CLEVELAND — Even when it’s closed, they come, lured by “the soft glow of electric sex gleaming in the window.”
Up the front steps they bound, cameras in hand, giggling. Then they stop on the porch, transfixed, before the familiar-looking window.
There it is!
Their holy grail.
The Major Award!
THE LEG LAMP!
If your reaction is, “Huh?” then you must be one of the three people in the world who have never seen “A Christmas Story.” The 1983 movie has become a cult classic to the point that the TBS cable channel every Christmas broadcasts it continuously for 24 hours.
Of course, if you’ve seen the movie as many times as I and millions of others have, you know that the film’s main character is Ralphie, the 9-year-old who spends the movie plotting how to get an “official Red Ryder, Carbine Action, Two-Hundred Shot Range Model Air Rifle” for Christmas. And you know that Ralphie, his mom and dad, and brother Randy live in Hammond, Ind. And that Ralphie’s dad won the Leg Lamp, a large, gaudy, mesh-stockinged gam topped with a tassled shade, in a newspaper contest.
So, why are all these people going gaga over this house built in 1895 in Cleveland?
Because it’s the Christmas Story House, the house the movie’s creators chose when they were scouting for the 1940s feel they wanted, according to Steve Siedlecki, executive director for the house and accompanying museum.
Truth be told, though, most of the movie was shot on a soundstage in California that was built to mimic much of this house’s interior. Exterior shots of the house and back yard, location of the famous Black Bart shootout, were done here, though fake snow had to be brought in because of a scarcity of the natural stuff the year of filming. And scenes such as the tongue-frozen-to-the-pole and tire-changing were filmed in Canada.
But walk into this house, sit down on the couch, and you’ll feel as if you’re in the movie. Tucked away in a corner is the shipping box, labeled Fragile — “That must be Italian,” said Ralphie’s dad — that held the Leg Lamp.
Check out the upstairs bathroom and, of course, you’ll find a bar of Lifebuoy soap, just like Ralphie had to chomp on after uttering the dreaded f-word.
Californian Brian Jones bought the house, which had been “modernized” and was a rental duplex, in December 2005 after it was listed on eBay, and by the time he was done putting it back into a state that moviegoers would recognize, he had more than $400,000 into the project, according to Siedlecki. It opened Thanksgiving weekend 2006, and in August of this year it surpassed the 100,000 mark for attendance (which doesn’t take into account the hundreds of people who stop by during off-hours to peek through the front windows.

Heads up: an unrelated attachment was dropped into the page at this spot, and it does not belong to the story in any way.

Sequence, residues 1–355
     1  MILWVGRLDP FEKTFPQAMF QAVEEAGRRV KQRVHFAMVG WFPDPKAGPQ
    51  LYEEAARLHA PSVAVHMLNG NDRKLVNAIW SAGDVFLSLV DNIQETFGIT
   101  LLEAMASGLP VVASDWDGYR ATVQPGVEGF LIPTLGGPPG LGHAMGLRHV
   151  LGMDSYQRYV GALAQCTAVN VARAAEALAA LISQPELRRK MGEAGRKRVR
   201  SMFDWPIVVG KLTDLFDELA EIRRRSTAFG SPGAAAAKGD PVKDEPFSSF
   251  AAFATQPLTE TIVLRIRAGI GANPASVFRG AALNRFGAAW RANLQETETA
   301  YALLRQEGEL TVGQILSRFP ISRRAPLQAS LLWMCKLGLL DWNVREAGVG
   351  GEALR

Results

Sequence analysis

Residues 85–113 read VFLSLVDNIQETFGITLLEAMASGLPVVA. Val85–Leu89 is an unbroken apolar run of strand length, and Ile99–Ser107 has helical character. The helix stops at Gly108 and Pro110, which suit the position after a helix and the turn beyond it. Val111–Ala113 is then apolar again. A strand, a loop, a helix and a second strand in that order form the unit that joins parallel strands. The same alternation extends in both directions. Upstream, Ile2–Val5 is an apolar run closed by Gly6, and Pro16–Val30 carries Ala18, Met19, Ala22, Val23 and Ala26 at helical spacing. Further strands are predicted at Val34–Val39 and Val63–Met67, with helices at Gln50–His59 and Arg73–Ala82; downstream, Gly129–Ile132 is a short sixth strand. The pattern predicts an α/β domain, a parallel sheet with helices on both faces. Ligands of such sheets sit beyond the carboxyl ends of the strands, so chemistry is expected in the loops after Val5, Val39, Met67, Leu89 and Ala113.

When the house first opened, it had plenty of “Don’t Touch” signs, Siedlecki said. But those signs have come down. “We encourage people to do what they want to re-enact the movie,” Siedlecki noted.
So, if you want to hide under the sink like Randy and have your photo taken, do it.
Just don’t be like Ralphie’s mom and break the Leg Lamp.
If you go Getting thereA Christmas Story House & Museum is at 3159 W. 11th St. in Cleveland, about 345 miles from Chicago via Interstate Highway 90. Get directions on the Web site (below), and don’t think you’re lost when you find yourself driving through a nondescript neighborhood.
VisitingThe house is open from 10 a.m. to 5 p.m. Thursdays through Saturdays and noon to 5 p.m. Sundays. Until Dec. 31, it’s also open 10 a.m. to 5 p.m. Wednesdays and until 7 p.m. Fridays and Saturdays. It’s closed Christmas Day, New Year’s Eve and New Year’s Day.
Tours run every half-hour, with the last tour at 4:30, and if you miss the guided tour, you can do a self-guided tour. Tickets must be purchased prior to the last tour at the gift shop. 216-298-4919; achristmasstoryhouse.com
In the vicinity On your way to or from A Christmas Story House, make a stop at the West Side Market, at West 25th and Lorain streets. The market has been operating since 1840 and is filled with tons of produce, spices and more sausages and other meat than you ever knew existed. Open 7 a.m. to 4 p.m. Mondays and Wednesdays and 7 a.m. to 6 p.m. Fridays and Saturdays. 216-664-3387; westsidemarket.org
And, don’t miss the Rock and Roll Hall of Fame and Museum downtown, whose big exhibit until spring is “From Asbury Park to the Promised Land: The Life and Music of Bruce Springsteen.” The hall is open 363 days a year from 10 a.m. to 5:30 p.m., and until 9 p.m. Wednesdays. Closed Thanksgiving and Christmas. 216-781-7625; rockhall.com
— Phil Marty, Special to Tribune Newspapers